Although historical records are rather thin, there are many indicators of the Vermont Spool and Bobbin Company's success. Perhaps the strongest form of evidence is the structure in which the company was located—the factory consistently expanded between 1912 and 1938. Indeed, the 1919 Sanborn map shows an extension on the east façade of the building to give the main factory a wide "L" shape. The east wing was approximately 125 feet long by 75 feet wide (see Figure 8).6 The 1926 map shows continued expansion with a new northern addition, which added another fifty feet to the building.7 By 1938 the Bobbin Company had added another addition to the previous one on the north side of the building.8 The constant expansion of manufacturing space—all the maps note that the additions to the building added more room for the primary manufacturing plant—suggests that business consistently grew for the company during this period.

The 1942 Sanborn map, however, does not show any change in the plant's physical layout. Whether this is due to a leveling off in business, or whether it reflected a lack of materials and labor during wartime is difficult to judge.9

Figure 9. The bobbin mill today, from South Champlain Street. Photograph by Kate Hovanes, Oct. 2013.

Regardless, the company continued to manufacture spools and bobbins for over another thirty years, as evidenced by the fact it was listed in the Burlington City Directory until 1976.10 By 1978, however, the factory building stood vacant.11 After the end of the bobbin company, the building was rented for other uses, including a period in 1980 during which the then-new Ben & Jerry's ice cream company was located there.12 In the 1980s, however, the building was converted to subsidized low-rent housing by Pizzagalli Realty, and after being saved from demolition by Burlington Housing Authority in 2012 it still stands today as an apartment building (see Figure 9).13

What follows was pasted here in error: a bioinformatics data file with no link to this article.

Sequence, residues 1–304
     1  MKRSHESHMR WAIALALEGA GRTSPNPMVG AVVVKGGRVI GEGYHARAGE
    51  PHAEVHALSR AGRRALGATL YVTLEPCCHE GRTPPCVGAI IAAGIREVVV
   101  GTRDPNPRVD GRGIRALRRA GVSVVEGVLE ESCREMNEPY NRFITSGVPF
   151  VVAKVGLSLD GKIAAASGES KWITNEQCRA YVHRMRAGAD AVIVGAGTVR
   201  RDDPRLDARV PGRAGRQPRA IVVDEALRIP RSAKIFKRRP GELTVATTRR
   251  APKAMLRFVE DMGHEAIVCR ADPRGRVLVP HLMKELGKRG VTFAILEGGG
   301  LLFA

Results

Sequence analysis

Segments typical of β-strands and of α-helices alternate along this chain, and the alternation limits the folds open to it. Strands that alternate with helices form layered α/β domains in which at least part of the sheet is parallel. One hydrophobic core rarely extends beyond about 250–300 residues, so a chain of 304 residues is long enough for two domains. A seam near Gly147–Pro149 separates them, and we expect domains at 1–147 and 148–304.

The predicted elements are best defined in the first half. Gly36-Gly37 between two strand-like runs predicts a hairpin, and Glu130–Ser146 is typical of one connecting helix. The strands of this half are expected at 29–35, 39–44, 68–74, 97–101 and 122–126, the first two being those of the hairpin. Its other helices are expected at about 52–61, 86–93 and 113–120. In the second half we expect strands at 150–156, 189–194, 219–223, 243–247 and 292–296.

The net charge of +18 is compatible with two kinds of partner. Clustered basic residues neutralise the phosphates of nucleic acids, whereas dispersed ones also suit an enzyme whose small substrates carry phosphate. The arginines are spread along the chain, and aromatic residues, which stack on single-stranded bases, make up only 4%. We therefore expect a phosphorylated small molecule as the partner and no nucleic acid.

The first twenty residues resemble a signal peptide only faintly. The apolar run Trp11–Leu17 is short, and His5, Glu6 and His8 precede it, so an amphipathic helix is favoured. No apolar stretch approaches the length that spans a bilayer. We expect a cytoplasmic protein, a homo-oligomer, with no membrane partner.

Notes (Vermont Spool and Bobbin Manufactory)

1 Charles E. Allen, Burlington, Vermont Statistics, 1763 to 1893 (Burlington, VT: Free Press Association, 1893), 14. See the report below on the planing mill in the Maple-Kilburn area for more information on other spool and bobbin manufacturing.
2 "Industry Exempted," Burlington Weekly Free Press (Burlington, VT), Mar. 30, 1905; "Elias Lyman Dies In His 74th Year," Burlington Free Press and Times (Burlington, VT), Apr. 2, 1923.
3 "Industry Exempted," Burlington Weekly Free Press (Burlington, VT), Mar. 30, 1905.
4 Insurance Maps of Burlington, Vermont (New York: Sanborn Map Co., Oct. 1912), Sheet 22.